It’s a psychoactive drug with a molecular formula of C2H5OH which dissolves easily in human tissue, suppressing excitatory neurotransmitters while enhancing inhibitory ones. Humans have been making it for around 9,000 years, and Americans consume more than 2,100,000,000 liters of it every year. It has been prohibited and reinstated, loved and reviled. It constitutes one of the biggest headaches for administrators both at Princeton and in colleges around the country. I do not hyperbolize when I say that ethanol, or what we have come to refer to as alcohol, is a significant component of the American college, and therefore the Princeton, undergraduate experience.
Many students drink more during these four years than they ever will again. One might ask why we choose to drink, given its proven adverse health effects and often illegal status. Asking undergraduates why they choose to drink on Thursday and Saturday yields unsurprising answers: because “it’s more fun that way” or to “blow off steam.” While these are perfectly valid reasons, one has to wonder about their subtext. Though complex, the principal motivation to drink lies, I believe, in our fundamental desire to feel closer to the people around us. We are trying, through neurology and psychology, to break through whatever social, physical or emotional barriers which separate us in sobriety. An understanding of the motivations leading students to drink is critical when thinking about young adults’ relationship with alcohol.
Alcohol does not taste good enough and is not healthy enough to exist as an end in itself. It rather exists as a means to some end. What that end is varies from person to person, evening to evening. Some just want to be “cooler,” feeling that they are more fun to be around when they’re drunk than when they’re sober. Some do it to break free of their otherwise prohibitive inhibitions so that they can express themselves freely without fear of judgment or consequence. Others drink in search of romance or physical gratification, seeing alcohol as a necessary tool to satisfy their yearning.
A friend of mine once suggested that we drink out of nostalgia for our childhood, and I don’t think that he was too far off the mark. As we age, life grows more familiar and less exciting. When we were children, the smallest things seemed remarkable. I still remember marveling at the vastness of the ocean and the deliciousness of plain bologna. There were no limits on the wonder of the world. Alcohol has the capacity to enliven our senses, transforming otherwise mundane happenings or conversations into spirited events. It can break through the jaded shell which experience builds around us and allow us to connect with the world in a different way than we can without it.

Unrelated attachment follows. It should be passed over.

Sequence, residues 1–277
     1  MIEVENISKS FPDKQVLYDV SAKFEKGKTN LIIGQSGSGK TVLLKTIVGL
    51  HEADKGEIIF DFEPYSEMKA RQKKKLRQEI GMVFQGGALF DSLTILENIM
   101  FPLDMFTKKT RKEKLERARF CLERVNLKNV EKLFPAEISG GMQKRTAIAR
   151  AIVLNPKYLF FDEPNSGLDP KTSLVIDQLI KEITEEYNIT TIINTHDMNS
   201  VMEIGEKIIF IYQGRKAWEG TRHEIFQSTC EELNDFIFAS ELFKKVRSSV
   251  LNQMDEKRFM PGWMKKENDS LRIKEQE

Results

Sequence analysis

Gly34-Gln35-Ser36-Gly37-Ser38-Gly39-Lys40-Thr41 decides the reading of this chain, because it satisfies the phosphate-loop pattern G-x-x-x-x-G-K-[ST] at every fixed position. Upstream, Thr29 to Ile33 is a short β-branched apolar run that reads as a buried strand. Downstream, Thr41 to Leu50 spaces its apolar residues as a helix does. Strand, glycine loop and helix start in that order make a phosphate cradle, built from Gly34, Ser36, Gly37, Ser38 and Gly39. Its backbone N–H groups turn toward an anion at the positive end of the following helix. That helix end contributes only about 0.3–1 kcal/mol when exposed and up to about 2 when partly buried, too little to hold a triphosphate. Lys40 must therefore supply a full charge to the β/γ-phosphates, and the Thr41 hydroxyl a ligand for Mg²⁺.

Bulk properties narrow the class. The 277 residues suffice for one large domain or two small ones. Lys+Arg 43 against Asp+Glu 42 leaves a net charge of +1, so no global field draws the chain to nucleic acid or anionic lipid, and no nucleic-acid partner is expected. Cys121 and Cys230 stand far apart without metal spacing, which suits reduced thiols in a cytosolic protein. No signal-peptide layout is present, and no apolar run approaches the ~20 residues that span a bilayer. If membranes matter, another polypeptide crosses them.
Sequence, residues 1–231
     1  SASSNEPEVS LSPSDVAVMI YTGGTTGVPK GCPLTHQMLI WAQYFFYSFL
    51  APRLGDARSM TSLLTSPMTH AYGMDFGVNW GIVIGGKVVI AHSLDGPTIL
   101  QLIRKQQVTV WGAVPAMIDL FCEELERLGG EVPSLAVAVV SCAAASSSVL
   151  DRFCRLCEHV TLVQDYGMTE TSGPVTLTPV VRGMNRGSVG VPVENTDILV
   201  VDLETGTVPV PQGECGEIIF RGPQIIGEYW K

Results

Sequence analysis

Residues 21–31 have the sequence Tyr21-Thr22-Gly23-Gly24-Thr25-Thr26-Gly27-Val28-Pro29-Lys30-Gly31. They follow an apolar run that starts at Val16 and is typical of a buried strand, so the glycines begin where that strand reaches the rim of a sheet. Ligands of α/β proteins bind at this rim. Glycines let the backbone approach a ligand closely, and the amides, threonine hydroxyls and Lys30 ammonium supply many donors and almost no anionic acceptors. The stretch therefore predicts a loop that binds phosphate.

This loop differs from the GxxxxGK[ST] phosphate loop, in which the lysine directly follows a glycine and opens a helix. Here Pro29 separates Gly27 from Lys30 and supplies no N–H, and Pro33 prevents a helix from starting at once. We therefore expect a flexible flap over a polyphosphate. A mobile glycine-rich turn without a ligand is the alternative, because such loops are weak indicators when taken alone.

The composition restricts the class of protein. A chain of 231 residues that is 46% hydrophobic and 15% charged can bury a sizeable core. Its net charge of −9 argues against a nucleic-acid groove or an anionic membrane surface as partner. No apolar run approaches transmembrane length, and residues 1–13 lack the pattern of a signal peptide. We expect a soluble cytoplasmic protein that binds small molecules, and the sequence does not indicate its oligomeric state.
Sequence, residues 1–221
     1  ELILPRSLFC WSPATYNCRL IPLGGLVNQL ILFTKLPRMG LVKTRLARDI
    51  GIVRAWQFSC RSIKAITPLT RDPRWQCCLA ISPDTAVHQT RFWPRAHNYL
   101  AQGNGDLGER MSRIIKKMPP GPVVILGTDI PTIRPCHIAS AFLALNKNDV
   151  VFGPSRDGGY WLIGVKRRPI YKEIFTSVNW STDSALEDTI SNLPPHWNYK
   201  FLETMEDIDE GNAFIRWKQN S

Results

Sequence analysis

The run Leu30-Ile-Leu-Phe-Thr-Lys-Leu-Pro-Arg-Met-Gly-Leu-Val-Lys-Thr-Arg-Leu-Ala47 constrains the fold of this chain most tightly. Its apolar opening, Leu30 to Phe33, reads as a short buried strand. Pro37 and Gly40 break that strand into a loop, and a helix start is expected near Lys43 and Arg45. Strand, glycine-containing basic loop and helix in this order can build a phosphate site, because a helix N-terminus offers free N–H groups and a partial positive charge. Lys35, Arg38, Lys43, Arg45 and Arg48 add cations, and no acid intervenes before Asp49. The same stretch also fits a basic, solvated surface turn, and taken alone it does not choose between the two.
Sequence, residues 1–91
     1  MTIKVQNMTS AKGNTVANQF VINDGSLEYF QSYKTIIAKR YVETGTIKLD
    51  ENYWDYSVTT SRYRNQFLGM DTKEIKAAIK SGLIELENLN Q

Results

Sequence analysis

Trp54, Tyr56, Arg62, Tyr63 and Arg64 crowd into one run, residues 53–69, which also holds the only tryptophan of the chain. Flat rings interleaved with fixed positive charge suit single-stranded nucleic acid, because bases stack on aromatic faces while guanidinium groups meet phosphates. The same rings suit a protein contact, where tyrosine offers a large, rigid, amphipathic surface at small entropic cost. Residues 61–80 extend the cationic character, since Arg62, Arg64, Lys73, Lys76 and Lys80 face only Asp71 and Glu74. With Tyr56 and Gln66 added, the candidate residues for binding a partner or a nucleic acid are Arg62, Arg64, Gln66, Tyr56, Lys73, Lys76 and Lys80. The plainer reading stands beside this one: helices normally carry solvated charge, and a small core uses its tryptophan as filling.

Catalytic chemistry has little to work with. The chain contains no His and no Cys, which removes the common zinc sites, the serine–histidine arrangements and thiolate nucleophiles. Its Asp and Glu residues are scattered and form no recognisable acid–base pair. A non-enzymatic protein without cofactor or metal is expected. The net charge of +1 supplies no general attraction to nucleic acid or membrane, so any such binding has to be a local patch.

Furthermore, social requirements meant nothing to us as children. My sister and I would run half-naked through our neighborhood, banging on neighbors' doors and chasing squirrels. We would hide in between the shelves in grocery stores and say ridiculous things. With maturity we lose the opportunity to hide in grocery stores and say whatever comes to mind. Tact and civility replace spontaneity and impulse. By drinking, we can return to this childlike state. Attention spans drop, and emotions come to the surface. It is said that drunken words are sober thoughts: a phenomenon allowing us to speak with all the frankness and honesty we require.
We feel enabled to follow our impulses, singing more, dancing more, kissing, hugging and laughing. Though the impulses and cravings of college students are decidedly different from those of small children, the fact remains that yielding to those impulses can be gratifying. Drinking allows us a medium and an excuse for acting out our desires, allowing us to relive an earlier time void of all the constraints and responsibilities of adulthood.
Unfortunately, sometimes we forget that alcohol is merely a means to an end, focusing more on the act of becoming drunk rather than the reasons for it. If you can identify the reasons you drink, it might go farther in getting you toward those goals than alcohol alone and allow you to use alcohol in a way more in line with your personal hopes and dreams.
This column isn’t meant to champion or condemn alcohol. It’s a time-honored facet of the human experience which will continue forever. But with clarity comes purpose, and it is purpose which makes us grounded. Gaining clarity about the role of alcohol in your life will not only refine your relationship with drinking but also grant personal insight into what motivates you.
Nathan Mathabane is a geosciences major from Portland, Ore. He can be reached at firstname.lastname@example.org.